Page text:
1936 : Harold E. Bledsoe, Only African American To Cast An Electoral College Vote for Franklin Delano Roosevelt

When:
December 14, 2021 all-day
2021-12-14T00:00:00-05:00
2021-12-15T00:00:00-05:00

In 1936, Harold E. Bledsoe, a prominent Detroit attorney, was the only African American to cast an electoral college vote for Franklin Delano Roosevelt.

The Electoral College:

In 1787, founding fathers like Alexander Hamilton advocated through the U.S. Constitution for the Electoral College, a process of having representatives cast votes on behalf of actual voters.

In Hamilton’s words: “(The) immediate election (of the President should) be made by men most capable of analyzing the qualities adapted to the station.” He went on to write: “small number of persons, selected by their fellow-citizens from the general mass, will be most likely to possess the information and discernment requisite to such complicated investigations.”

21st century translation: Common people are stupid.

Hamilton became our nation’s first treasury secretary, serving from 1789 to 1795 during George Washington’s administration. His colleague, James Madison, a slave owner and considered the “father of the Constitution” was even more out cold. He stated that “Negroes” in the South presented a “difficulty … of a serious nature.” He proposed the infamous compromise in the Constitution whereby black slaves would be counted at three-fifths of a human being—not a whole. Madison later served two terms as president, from 1809 to 1817.

More About Bledsoe

The Pittsburgh Courier, one of the nation’s leading black newspapers described the 1936 historic first in its December 26th news story subtitled: “Paging Ridley.”

“Believe it or not! Attorney Harold E. Bledsoe, National Democratic chieftain, is the only Negro in the nation who actually voted for the re-election of President Roosevelt… Bledsoe, of course, was a member of the State Electoral College. The only race man so signally honored.”

A Democratic Party wave had swept through the country. In terms of electoral votes, it was the most lopsided presidential contest in American history. Roosevelt carried 46 of 48 states over Kansas Governor Alfred Landon. Frank Murphy, a liberal with strong ties to organized labor, was elected Michigan governor.

Michigan was allotted 19 electoral votes and the group looked like present day Livonia. Other than Bledsoe, there were 15 white men and three white women. They met in Lansing on December 14 in the Senate Chamber of the state Capitol Building.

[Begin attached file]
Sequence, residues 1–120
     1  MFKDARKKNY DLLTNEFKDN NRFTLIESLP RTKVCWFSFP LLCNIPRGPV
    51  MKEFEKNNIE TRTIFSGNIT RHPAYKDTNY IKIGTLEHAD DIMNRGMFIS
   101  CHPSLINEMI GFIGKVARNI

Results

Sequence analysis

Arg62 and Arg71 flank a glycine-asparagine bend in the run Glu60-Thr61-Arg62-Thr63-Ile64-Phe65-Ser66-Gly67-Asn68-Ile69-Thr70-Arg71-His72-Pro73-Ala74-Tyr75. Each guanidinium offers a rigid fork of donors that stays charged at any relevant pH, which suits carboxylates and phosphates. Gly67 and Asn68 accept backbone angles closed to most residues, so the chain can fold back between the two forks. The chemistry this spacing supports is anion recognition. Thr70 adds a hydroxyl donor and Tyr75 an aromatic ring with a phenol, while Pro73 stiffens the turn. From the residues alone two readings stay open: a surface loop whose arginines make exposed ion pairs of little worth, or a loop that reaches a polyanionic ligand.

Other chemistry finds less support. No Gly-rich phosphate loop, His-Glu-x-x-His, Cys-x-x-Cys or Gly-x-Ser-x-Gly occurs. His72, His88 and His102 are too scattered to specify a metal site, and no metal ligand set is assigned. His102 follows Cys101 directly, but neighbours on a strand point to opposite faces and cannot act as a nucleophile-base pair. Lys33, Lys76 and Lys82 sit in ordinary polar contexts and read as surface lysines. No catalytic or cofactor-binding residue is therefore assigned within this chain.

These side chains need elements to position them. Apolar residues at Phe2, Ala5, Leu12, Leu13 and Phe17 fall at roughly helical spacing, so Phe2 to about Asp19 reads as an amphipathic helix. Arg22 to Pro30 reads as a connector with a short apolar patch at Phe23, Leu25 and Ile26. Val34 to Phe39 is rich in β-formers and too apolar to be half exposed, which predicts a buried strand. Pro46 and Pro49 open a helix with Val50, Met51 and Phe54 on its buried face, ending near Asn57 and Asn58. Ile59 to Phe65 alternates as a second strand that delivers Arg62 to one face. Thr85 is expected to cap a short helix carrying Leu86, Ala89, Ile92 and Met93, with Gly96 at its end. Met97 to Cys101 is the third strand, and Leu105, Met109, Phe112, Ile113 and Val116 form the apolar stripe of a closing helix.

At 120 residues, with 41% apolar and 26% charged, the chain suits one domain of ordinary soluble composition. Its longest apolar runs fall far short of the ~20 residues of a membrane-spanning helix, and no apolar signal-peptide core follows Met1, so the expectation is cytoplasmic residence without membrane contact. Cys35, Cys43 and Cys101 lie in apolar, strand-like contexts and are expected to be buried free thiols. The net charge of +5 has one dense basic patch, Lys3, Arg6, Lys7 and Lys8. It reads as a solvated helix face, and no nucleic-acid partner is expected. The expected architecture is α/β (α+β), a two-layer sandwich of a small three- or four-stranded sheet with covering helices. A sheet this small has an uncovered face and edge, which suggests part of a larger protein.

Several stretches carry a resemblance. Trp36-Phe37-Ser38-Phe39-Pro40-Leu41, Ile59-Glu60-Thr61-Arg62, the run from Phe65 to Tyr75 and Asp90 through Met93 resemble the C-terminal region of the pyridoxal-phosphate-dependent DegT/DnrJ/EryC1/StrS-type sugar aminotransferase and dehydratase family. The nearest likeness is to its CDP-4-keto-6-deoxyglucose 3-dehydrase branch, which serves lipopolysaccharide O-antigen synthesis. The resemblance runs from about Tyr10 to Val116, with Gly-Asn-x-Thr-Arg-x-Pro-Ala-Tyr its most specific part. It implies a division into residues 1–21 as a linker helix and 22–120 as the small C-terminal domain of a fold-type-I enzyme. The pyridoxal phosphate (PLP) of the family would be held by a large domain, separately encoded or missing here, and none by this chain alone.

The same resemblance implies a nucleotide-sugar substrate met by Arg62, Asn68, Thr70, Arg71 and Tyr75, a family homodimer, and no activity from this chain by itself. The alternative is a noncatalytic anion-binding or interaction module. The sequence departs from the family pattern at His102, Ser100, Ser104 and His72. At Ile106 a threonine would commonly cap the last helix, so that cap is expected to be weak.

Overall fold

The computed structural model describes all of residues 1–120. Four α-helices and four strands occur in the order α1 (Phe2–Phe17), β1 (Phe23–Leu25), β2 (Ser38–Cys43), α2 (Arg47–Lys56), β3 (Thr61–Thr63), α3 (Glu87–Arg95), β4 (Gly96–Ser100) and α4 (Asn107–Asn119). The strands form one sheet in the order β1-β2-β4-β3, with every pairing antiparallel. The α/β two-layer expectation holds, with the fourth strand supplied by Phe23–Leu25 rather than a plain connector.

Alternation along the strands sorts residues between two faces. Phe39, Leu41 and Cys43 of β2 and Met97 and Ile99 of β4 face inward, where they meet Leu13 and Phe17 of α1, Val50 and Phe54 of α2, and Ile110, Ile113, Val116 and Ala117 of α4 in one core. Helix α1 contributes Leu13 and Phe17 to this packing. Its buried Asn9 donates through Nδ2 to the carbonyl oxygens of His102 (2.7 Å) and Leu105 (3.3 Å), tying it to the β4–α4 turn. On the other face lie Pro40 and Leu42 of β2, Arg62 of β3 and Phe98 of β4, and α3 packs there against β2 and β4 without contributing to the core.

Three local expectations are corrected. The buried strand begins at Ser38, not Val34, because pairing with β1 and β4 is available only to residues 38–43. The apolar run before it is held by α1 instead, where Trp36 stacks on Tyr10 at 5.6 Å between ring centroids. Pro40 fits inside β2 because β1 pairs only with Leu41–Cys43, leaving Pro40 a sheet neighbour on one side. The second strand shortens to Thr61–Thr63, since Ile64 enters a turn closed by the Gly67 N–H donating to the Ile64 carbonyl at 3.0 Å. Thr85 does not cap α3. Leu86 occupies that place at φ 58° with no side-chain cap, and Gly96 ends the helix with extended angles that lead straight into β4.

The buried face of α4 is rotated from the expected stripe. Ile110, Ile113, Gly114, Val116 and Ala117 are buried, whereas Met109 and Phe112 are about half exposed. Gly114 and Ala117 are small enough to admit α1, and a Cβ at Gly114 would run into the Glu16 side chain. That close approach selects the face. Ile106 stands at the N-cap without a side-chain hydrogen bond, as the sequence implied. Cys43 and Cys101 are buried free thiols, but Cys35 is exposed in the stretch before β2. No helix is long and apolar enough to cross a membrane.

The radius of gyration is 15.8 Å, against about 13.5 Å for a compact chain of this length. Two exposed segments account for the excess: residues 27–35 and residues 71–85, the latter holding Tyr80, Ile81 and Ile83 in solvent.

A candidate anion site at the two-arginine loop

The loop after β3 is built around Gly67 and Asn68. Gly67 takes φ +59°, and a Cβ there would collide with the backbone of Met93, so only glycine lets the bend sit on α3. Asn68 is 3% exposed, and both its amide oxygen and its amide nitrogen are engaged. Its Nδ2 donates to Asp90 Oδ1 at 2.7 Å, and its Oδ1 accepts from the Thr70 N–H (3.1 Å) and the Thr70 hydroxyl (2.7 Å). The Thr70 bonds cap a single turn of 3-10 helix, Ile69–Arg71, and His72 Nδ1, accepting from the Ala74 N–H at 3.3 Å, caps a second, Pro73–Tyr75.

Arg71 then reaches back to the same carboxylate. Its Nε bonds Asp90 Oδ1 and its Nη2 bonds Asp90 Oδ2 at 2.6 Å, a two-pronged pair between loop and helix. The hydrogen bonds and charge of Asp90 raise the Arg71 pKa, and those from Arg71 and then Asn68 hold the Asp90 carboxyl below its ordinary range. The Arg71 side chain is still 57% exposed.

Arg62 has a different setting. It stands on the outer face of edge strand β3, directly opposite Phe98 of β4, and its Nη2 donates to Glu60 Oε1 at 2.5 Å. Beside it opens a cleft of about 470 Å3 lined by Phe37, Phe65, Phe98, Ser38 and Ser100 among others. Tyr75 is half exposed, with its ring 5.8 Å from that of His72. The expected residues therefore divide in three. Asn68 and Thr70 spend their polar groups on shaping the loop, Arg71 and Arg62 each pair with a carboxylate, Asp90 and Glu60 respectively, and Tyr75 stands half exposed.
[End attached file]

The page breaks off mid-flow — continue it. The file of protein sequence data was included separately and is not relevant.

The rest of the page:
Justice George Bushnell of the Michigan Supreme Court called members to order at 2 p.m. John Cahalan of Wyandotte was elected chairman; Adelaide Williams of Detroit was elected secretary. The electors wrote Roosevelt’s name on slips of paper and dropped them into a hat.

The Great Migration

In pursuit of a better way of life, blacks and southern white flocked to cities like Detroit. In fact, the city’s black population soared from about 5,700 in 1910 to 120,000 in 1930.

Bledsoe, along with funeral home owner Charles C. Diggs, Sr.; Joseph Craigen also an attorney; and Joseph Coles, led the way during the early 1930s to encourage Michigan blacks to vote for Democratic Party candidates. The men formed the Michigan Federated Democratic Club in 1932 as Roosevelt’s initial run for the U.S. presidency was gaining steam like a Grand Trunk Western Railroad locomotive. In 1934, Bledsoe became the first African American to serve as a state attorney general, an appointed position. Diggs, who operated a funeral home on St. Aubin Street in the Black Bottom community, was elected to the Michigan Senate in 1936.

“We were independent then…not obligated to any party and we weren’t out begging nor were we satisfied with crumbs,” Bledsoe recalled many years later in a September 28, 1963 Michigan Chronicle feature. “Those who were active in politics then had to be willing to help pay the freight for the race’s political emancipation. No other organizations were willing to underwrite our movement, which I think was one of the midwives that gave birth to the Negro’s hopes in organized labor.”

At any rate, as a token gesture, the Michigan Democratic party selected Bledsoe to be a member of Michigan’s Electoral College contingent for the 1936 election.

And so, on December 14, 1936,  Harold E. Bledsoe, a black man from Detroit’s North End, cast an electoral  ballot for the President of the United States, the only African American to do so..

Source: Ken Coleman, “First black man to cast Electoral College ballot was a Detroiter“, Michigan Chronicle, December 2, 2016.

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